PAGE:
After U.S. July auto sales were released, "Fast Money" traders looked at the auto stocks that stand to benefit.» Read More
Stocks closed sharply lower, led by financials after comments from JPMorgan CEO Jamie Dimon and as investors worried about the fate of the auto bailout.
Stocks turned mixed Thursday as a rise in commodities stocks offset pressure from a weak jobs report and a sharp drop in import prices.
We're not talking about soft tops here. Find out why preferred shares might be the best way to play the autos bailout.
You have to give it to the Senate Republicans. Senators Shelby, Corker, Ensign and their colleagues in the GOP have been loud and effective in slowing down, if not jeopardizing the $14 Billion auto bailout package.
One of the more fascinating things in big Congressional debates like the one currently surrounding the auto industry is understanding the motivation of particular legislators in supporting or opposing a bill.
Stock index futures indicated a slightly weaker open Thursday, pushed lower by further weakening in the jobs market and a sharp decrease in import prices..
General Motors Chief Rick Wagoner, Chrysler's Robert Nardelli and before he stepped aside, Yahoo's Jerry Yang -- are just a few CEOs that have spent the past year under siege. As we watch CEOs stagger from the incredibly poor decision-making, it is easy to think that we are the unwitting victims who will endure losses because of their errors.
Americans remain downbeat about the economy, corporate America and the government's handling of the financial crisis, but optimistic about Barack Obama's ability to turn things around, according to a new NBC News/Wall Street Journal poll.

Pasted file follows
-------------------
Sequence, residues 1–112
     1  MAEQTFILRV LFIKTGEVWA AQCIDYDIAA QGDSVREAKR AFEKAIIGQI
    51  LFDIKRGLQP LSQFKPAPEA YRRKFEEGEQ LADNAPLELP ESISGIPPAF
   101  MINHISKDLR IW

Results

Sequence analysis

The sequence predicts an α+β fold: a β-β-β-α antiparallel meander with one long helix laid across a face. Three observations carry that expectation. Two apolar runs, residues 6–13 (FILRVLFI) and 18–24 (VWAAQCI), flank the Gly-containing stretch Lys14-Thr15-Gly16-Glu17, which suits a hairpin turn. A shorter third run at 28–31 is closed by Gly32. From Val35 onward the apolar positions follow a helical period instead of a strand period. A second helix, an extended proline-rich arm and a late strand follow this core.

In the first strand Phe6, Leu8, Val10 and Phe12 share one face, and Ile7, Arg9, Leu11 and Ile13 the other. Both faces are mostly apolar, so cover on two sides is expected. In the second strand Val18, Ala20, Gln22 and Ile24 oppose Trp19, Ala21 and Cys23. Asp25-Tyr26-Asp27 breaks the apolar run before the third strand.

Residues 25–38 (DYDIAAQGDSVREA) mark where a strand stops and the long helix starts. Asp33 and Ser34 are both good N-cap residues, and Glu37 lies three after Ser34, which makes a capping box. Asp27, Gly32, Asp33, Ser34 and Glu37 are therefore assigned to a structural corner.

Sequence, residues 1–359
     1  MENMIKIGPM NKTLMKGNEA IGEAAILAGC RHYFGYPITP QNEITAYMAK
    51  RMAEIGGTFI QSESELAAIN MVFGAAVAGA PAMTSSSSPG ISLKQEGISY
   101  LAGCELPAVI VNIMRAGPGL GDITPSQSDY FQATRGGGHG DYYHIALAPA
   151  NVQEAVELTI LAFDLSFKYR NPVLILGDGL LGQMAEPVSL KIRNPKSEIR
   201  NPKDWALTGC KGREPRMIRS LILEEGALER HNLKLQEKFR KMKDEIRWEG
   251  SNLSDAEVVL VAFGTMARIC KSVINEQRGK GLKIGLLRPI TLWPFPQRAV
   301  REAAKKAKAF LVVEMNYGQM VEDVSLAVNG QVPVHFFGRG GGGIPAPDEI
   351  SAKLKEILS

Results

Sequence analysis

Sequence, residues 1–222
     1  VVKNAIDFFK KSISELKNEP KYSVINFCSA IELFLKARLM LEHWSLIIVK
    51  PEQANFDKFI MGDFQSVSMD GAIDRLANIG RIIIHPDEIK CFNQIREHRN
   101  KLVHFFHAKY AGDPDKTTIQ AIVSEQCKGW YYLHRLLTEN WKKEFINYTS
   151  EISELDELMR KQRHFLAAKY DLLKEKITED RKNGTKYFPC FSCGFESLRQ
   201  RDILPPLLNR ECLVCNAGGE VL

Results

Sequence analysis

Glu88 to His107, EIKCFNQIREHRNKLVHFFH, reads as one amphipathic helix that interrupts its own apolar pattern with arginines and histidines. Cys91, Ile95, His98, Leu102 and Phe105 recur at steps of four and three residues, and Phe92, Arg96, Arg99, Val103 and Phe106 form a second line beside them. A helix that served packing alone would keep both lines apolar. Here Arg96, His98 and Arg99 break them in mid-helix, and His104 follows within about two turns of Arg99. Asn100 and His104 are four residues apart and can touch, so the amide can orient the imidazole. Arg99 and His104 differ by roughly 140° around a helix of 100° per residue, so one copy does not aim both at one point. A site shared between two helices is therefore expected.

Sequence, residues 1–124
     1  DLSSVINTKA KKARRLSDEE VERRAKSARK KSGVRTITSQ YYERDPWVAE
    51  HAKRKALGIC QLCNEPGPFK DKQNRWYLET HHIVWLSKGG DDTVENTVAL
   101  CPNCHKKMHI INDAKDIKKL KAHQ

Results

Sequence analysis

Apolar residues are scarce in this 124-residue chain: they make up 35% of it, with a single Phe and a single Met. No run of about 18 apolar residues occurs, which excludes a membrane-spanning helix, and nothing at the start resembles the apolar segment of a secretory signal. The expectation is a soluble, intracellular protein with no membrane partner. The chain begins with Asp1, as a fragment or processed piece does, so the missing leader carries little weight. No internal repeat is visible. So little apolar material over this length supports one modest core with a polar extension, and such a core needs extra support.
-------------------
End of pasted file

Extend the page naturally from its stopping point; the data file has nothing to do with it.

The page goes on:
The Dow closed higher after a choppy session on Wednesday as a rebound in oil prices and other commodities lifted energy, mining and materials shares...
Stocks closed higher as a rebound in oil prices boosted energy shares and offset worries about the fate of the auto industry bailout.
Murky signs: Markets had rallied Wednesday morning on the belief that an auto industry bailout was all but certain. But some GOP legislators are opposing the White House deal with congressional Democrats. A top analyst sees financials in critical condition until 2010, but a peer says he's been buying bank stocks and socking them away. And a CNBC guest said commodities are going to lead a 50% S&P rally.
Stocks rode the enthusiasm over an auto makers bailout and a swift round of profit-taking to stage a rally Wednesday that offset some of the previous day's losses.
Ray T from Indiana writes, "We are loaning the auto companies $15 billion to keep them open for the next 4 months to make 3 million cars we don't want. That is $5000 for each!
GMAC Financial Services, the financing arm of General Motors, said it hasn't raised enough capital to become a bank holding company and qualify for aid under the government's $700 billion bank rescue plan.
GMAC, the troubled auto and mortgage lender, warned it may not have enough capital to become a bankholding company, the latest blow to the battered auto industry.
Seventy-three dollars an hour. That figure has become a big symbol in the fight over what should happen to Detroit, but is it reaaly what a UAW worker earns?
If Washington approves this $15 Billion bailout by the end of today or tomorrow (and yes, I think that will happen) the question will turn to who becomes the "Car Czar." It will be a presidential appointment and it will be crucial to determining if this auto bailout actually works.
U.S. stocks looked set for a sharp jump higher at the open Wednesday, as a looming deal to bail out Detroit auto makers raised investor enthusiasm for the industry.
Detroit auto makers should be rescued, but through a planned bankruptcy overseen by the federal government, according to real estate magnate Donald Trump.
Dylan and Karen start Tuesday's show by agreeing that it looks like "anything goes" with the current market, as the Dow spacer snapped its recent rally to end the day almost 3% down. This drop was not a surprise to those who are in the business and watch for such things -- Dylan says it was "anticipatable" and is just "the market behaving as markets do."